DOHA, Nov 19 (Reuters) – Denmark’s and Germany’s team captains will wear One Love armbands when they take the pitch at the World Cup in Qatar, their teams said on Saturday, as they prepare to compete in a country where same-sex relations are illegal.
Qatar has faced criticism from some countries playing in the 32-team tournament over its rights record on migrant workers, women and the LGBTQ community.
“I know our captain will be wearing the One Love armband,” Danish midfieler Christian Eriksen said of captain Simon Kjaer at a news conference in Doha. “What the consequences will be, I don’t know, but we’ll see.”
According to FIFA rules, team equipment must not have any political, religious or personal slogans, statements or images.
German goalkeeper and captain Manual Neuer said on Saturday he also planned to wear the armband.
“We have the support of the German FA, our president and those responsible and so we have no fear,” he said.
“We are not the only ones (to wear the armband). We want to make a statement together.”
FIFA has urged World Cup teams to focus on soccer in Qatar and not let the sport be dragged into what it called ideological or political “battles.”
World soccer’s governing body already rejected Denmark’s request to train at the World Cup in shirts with the words “human rights for all” on them.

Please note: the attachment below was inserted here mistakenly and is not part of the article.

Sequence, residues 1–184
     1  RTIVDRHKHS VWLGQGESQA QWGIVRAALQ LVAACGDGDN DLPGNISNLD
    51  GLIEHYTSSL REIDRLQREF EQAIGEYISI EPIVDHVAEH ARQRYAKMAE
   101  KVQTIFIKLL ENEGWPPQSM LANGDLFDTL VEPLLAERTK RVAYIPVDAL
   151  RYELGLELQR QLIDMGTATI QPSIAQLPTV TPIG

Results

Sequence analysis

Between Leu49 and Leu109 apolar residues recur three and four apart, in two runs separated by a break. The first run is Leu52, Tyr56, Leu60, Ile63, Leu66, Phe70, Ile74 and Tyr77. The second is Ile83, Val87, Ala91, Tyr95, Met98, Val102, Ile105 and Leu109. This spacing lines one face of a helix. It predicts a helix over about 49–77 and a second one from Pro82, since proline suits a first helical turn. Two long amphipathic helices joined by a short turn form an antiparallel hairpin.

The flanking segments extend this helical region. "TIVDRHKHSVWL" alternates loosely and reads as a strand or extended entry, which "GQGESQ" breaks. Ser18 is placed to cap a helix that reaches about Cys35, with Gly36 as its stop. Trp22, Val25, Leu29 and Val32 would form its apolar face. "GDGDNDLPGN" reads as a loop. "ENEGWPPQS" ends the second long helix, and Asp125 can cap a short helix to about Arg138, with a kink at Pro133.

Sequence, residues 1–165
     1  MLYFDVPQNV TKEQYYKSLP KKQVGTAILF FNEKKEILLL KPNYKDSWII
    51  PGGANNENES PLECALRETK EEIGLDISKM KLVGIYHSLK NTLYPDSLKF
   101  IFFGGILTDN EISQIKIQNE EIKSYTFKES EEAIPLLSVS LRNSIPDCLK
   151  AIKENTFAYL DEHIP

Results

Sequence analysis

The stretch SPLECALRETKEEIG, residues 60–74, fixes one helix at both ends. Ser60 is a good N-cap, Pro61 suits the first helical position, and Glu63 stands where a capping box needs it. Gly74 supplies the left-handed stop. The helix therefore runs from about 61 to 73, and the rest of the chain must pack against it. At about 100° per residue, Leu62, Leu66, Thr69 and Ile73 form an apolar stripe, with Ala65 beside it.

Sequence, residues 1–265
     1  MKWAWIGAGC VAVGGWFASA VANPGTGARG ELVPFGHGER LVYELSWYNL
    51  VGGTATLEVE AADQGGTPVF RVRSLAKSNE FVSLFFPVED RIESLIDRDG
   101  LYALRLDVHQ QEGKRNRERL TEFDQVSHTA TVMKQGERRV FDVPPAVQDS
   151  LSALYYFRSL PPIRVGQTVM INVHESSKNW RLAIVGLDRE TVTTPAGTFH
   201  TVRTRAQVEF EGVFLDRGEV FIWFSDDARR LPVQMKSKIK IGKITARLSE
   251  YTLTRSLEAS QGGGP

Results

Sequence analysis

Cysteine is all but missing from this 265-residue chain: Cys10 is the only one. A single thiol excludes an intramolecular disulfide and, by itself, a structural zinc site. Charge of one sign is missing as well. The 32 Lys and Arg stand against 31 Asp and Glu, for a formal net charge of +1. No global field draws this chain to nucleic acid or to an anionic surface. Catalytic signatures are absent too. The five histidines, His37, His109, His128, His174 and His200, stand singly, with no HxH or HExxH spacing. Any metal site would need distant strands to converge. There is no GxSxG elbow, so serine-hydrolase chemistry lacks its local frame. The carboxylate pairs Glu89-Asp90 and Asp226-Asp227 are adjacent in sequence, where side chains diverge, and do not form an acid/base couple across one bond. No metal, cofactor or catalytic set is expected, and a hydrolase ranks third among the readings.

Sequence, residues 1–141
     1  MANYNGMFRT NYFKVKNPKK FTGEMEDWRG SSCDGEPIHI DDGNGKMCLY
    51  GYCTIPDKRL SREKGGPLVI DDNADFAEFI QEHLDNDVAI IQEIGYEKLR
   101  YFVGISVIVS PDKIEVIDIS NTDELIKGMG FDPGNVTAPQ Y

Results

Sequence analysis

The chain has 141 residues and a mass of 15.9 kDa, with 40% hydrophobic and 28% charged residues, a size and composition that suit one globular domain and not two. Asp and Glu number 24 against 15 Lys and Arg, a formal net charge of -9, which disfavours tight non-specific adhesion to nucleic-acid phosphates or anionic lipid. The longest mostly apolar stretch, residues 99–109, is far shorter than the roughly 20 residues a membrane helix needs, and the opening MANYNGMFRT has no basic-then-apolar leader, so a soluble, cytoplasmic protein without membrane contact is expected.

Same-sex relations are illegal in Qatar and punishable by up to three years in jail. Members of Qatar’s LGBTQ community have reported being detained, according to Human Rights Watch (HRW). The group also accused authorities of ordering some transgender women to attend conversion therapy. read more
A Qatari official criticised the HRW report as containing false information and said the country does not license or operate conversion centres.
The United States have also showed their support with a rainbow-coloured logo inside their training facility.
Tournament organisers say that everyone, no matter their sexual orientation or background, is welcome in Qatar, while also warning against public displays of affection.
Reporting Gabrielle Tétrault-Farber, Ilze Filks and Karolos Grohmann
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